Wenger was instrumental in restoring the player's relationship with his parents - something that had been stretched to breaking point by the tragedy. He tried to understand the extent of their son's turmoil, then put in the hours to bring him back from the brink. Eveline and Jean-Paul Petit's gratitude is a matter of record. All parties describe the relationship with Wenger as "older brother to younger brother, not father to son". Unlike many managers, Wenger took time to understand Manu, to understand his psychology. He spent many hours talking to him and understood what Petit could and could not do. Later, Petit stated that everything he has won in his career is down to Arséne, who he has called "the greatest man I know."
This bond between the two led to the move to Highbury for £2.5m in the summer of 1997, ostensibly as left-back reserve to the evergreen Nigel Winterburn. When he first arrived in north London, the glitzy playground of the rich and famous he had left behind seemed a million miles away. A slightly inauspicious start - playing in central midfield - led to bouts of homesickness and feelings that, in Petit's own words "I thought I had made a mistake and you could have offered me a million pounds to stay and I would have turned it down." Yet within the space of a few months, he was being hailed as one half of the finest midfield partnerships Arsenal and English football has ever seen, alongside his friend and compatriot Patrick Vieira.
Petit demonstartes his ball winning skills with a powerful tackle
This burgeoning partnership was the fulcrum behind Arsenal's magical Double season of 1997-98. Initial troubles and splits within the camp were put right at a team meeting following a home defeat against Blackburn in December 1997. The divisions between the French and English players within the squad were ironed out and Petit and Vieira were briefed with forming a defensive wall in front of the ageing back four, thus providing them with the necessary protection. At the same time, they were instructed to use their creativity to launch attacks via the wingers Parlour and Overmars. Wenger put Petit's ethic of tirelessly looking for work, seeking the ball and releasing other players to the test. It was one he passed with flying colours. Aimé Jacquet would later look for him to do the same.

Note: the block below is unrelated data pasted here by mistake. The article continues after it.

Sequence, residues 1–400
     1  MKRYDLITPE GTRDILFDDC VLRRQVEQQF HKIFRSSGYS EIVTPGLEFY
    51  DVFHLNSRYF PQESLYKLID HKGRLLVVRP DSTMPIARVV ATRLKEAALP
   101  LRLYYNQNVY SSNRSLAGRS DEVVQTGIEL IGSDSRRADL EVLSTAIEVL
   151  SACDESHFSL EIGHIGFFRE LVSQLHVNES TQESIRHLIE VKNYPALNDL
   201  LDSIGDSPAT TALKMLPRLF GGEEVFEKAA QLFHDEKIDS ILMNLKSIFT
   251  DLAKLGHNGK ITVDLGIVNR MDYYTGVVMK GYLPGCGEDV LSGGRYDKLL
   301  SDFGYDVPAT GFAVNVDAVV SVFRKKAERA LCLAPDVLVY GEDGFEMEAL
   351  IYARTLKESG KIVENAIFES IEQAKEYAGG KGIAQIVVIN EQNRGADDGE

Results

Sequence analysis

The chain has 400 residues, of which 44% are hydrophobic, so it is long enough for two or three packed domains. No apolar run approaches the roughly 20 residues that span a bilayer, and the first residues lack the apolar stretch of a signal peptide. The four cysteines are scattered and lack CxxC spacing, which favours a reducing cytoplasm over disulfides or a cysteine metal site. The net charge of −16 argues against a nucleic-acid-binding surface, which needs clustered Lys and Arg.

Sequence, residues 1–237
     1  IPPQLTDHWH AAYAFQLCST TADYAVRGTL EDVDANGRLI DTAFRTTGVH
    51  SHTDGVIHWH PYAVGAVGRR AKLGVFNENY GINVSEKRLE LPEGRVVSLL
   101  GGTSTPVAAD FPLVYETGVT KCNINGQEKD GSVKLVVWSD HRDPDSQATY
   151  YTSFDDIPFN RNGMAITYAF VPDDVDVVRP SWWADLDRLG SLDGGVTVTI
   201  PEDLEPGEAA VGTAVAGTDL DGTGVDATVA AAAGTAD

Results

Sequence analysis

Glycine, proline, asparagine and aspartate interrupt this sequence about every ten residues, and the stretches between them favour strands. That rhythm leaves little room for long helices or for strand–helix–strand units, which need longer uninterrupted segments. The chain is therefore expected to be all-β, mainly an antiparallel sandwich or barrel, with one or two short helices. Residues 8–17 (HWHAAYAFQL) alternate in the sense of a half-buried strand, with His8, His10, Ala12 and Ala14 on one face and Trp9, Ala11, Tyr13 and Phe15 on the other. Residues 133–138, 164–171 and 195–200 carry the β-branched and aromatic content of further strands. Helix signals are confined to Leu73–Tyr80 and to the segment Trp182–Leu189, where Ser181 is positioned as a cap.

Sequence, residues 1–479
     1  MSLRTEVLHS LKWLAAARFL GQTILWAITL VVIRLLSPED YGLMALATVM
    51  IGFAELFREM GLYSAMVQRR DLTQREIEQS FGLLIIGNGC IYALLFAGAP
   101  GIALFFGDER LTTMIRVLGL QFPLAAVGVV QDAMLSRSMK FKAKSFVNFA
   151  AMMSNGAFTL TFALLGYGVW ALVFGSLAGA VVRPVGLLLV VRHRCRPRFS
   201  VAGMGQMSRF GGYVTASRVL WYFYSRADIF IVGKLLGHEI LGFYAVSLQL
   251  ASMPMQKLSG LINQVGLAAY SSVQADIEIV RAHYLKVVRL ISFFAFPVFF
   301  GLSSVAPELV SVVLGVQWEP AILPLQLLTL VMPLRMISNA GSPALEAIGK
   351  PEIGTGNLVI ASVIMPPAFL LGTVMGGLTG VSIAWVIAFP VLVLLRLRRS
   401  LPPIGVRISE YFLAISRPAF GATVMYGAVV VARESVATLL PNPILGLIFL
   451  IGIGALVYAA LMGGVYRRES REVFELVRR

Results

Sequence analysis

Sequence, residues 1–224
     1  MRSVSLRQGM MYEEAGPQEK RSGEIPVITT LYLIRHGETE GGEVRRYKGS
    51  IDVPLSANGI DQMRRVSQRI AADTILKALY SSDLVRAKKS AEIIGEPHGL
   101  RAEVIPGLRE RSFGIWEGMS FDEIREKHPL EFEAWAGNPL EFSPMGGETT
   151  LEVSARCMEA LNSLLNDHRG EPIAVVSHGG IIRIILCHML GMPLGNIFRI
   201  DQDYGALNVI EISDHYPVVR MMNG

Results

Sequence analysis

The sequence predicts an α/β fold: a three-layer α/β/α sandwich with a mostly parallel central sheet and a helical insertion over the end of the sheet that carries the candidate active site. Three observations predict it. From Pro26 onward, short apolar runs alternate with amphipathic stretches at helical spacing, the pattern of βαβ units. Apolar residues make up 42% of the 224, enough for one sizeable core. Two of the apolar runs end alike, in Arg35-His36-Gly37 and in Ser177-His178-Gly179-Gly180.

This tactical masterstroke by Wenger drove Arsenal to the title ahead of Man United, and to win The Double by defeating Newcastle United 2-0 in the FA Cup Final at Wembley. On the way to the League and Cup, Petit scored only two goals but one was critical. Needing to win against Derby in the League, the talismanic Dennis Bergkamp had seen a penalty saved and then had limped off injured. The team and the crowd looked for a hero. Petit slammed home a 25-yard daisycutter and as he celebrated, Highbury exploded. 1-0, a crucial result and the hero worship began. Petit also had a major part to play in the Cup Final where he'll be long remembered for a peach of a pass, floated through with his trusty left foot, that put Marc Overmars away to score our opening goal. As Petit danced away in a fan's jester hat on the Wembley turf following the Cup Final, he was no doubt thinking that things couldn't possibly get any better. And yet, the rise to fame and glory was far from over . . . .